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St Vincent and the Grenadines History, Language and Culture

History of St Vincent and the Grenadines

By the time St Vincent was discovered by Christopher Columbus in January 1498, the island had been occupied for nearly 200 years by Carib Indians from South America, who had subjugated the original Arawak Indian inhabitants. The island remained a Spanish possession until 1627, when it was granted to the British Lord Carlisle. However, the Caribs fought furiously to keep possession of it. In 1783, the Treaty of Versailles restored St Vincent to Britain, after the French had temporarily taken it. Carib resistance was finally crushed in 1795, after which the settlement of St Vincent proceeded on more conventional lines. During the late 19th and 20th centuries, St Vincent endured a series of natural disasters: in 1812, the first recorded eruption of the La Soufrière volcano, during which many lives were lost; in 1896, floods; two years later, a hurricane; and in 1902, the second eruption of La Soufrière, killing 2000 inhabitants.

The next eruptions, neither of which caused loss of life, occurred in the 1970s. Soon after World War II, the right to vote was extended to the entire adult population, after decades of restriction. This was an essential preparatory move towards independence the key issue of the day. For small Caribbean islands like St Vincent & the Grenadines, a variety of proposals were studied during the 1960s, leading to St Vincent's adoption of Associate Statehood with the UK in 1969. Under this agreement the island was internally self-governing, while London looked after foreign and defence matters. It also gave St Vincent the right to declare full independence at any time, which it finally did in October 1979. The viability of St Vincent as a nation state has been the subject of constant debate ever since.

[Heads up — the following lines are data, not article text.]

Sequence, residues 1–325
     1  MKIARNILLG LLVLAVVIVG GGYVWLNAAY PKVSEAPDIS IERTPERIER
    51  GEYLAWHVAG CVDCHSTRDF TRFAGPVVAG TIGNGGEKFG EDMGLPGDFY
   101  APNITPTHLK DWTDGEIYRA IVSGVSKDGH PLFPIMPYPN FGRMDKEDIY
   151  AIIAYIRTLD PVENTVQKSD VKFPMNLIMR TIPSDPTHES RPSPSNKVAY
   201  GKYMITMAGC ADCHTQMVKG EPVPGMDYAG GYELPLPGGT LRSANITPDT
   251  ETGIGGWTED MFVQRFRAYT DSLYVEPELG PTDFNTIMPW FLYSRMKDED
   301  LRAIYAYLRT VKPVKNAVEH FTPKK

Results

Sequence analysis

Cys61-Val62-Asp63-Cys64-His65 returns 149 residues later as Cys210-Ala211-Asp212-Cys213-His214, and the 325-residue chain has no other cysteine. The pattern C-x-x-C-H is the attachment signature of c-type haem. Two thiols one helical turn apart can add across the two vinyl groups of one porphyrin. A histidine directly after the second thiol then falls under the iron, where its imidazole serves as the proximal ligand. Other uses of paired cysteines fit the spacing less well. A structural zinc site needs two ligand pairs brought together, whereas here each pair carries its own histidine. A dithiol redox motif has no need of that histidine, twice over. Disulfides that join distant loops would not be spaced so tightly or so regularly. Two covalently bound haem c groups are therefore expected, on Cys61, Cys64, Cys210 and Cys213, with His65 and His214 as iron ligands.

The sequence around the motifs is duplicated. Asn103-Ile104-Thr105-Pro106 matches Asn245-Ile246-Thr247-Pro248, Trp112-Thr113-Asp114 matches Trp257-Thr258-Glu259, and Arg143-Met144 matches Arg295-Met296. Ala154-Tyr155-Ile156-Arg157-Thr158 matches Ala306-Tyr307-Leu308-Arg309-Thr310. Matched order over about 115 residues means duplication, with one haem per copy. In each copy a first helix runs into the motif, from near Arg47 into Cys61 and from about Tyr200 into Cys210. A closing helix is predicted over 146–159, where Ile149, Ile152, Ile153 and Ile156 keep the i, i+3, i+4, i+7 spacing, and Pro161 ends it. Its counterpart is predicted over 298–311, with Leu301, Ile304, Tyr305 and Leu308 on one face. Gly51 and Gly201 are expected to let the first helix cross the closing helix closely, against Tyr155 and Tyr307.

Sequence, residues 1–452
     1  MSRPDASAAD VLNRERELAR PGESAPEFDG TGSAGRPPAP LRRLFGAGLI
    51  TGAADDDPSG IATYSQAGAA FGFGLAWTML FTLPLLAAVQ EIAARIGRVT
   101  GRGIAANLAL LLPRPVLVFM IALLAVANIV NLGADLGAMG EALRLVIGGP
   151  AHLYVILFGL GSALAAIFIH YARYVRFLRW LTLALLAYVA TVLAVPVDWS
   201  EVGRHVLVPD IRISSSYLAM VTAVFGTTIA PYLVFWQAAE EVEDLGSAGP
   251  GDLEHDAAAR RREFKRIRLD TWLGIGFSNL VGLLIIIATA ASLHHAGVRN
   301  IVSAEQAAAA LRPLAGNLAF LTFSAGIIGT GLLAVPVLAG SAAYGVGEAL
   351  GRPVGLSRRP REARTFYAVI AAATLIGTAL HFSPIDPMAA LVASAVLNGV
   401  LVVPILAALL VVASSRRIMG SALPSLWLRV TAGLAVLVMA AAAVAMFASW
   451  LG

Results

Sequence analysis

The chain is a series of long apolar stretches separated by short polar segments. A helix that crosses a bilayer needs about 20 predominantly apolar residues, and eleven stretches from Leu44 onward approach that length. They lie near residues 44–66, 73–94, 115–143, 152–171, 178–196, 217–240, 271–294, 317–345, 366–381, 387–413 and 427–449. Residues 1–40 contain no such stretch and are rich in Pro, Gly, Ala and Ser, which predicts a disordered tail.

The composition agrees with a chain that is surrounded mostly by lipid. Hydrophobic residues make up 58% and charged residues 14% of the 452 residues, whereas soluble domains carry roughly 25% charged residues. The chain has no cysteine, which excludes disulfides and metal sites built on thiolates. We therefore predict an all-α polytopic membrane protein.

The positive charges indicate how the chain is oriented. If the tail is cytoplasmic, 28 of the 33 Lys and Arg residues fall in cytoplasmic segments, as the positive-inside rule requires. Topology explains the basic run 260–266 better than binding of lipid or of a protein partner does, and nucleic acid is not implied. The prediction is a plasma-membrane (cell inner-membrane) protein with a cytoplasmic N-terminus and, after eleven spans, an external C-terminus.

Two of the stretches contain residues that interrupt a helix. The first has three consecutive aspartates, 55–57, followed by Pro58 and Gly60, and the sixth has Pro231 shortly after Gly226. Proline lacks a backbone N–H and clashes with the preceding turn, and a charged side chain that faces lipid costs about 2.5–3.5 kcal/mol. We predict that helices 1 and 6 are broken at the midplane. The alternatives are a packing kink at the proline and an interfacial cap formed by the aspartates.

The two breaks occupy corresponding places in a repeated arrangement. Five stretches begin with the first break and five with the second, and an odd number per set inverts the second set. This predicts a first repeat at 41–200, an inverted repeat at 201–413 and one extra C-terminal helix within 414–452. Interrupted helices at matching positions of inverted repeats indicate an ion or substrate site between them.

In 1992, the New Democratic Party (NDP) administration of James Mitchell committed itself to the pursuit of a limited political and economic union with three other countries in the region St Lucia, Dominica and Grenada. The NDP remained in power for almost two decades. It was finally ousted in March 2001, when the United Labour Party won an absolute parliamentary majority. The new premier was ULP party leader Ralph Gonsalves, a former lawyer known to many as 'Comrade Ralph'. Under the new government, St. Vincent joined the Non-Aligned Movement in February 2003 and, later in the year, introduced anti-money laundering measures which ensured its removal from a 'blacklist' of countries which had failed to take sufficient measures to deal with the problem. Gonsalves won a second term in office in the December 2005 elections.

St Vincent and the Grenadines Culture

Religion in St Vincent and the Grenadines

Roman Catholic, Anglican, Methodist and other Christian denominations.

Social Conventions in St Vincent and the Grenadines

The Vincentians are fun-loving and easy-going people, and the informal and relaxed lifestyle combines many English influences with West Indian. All visitors are made welcome and casual wear is widely acceptable. Refrain, however, from wearing beachwear or mini shorts on the streets or while shopping.

Language in St Vincent and the Grenadines

English is mostly spoken as well as some French patois.

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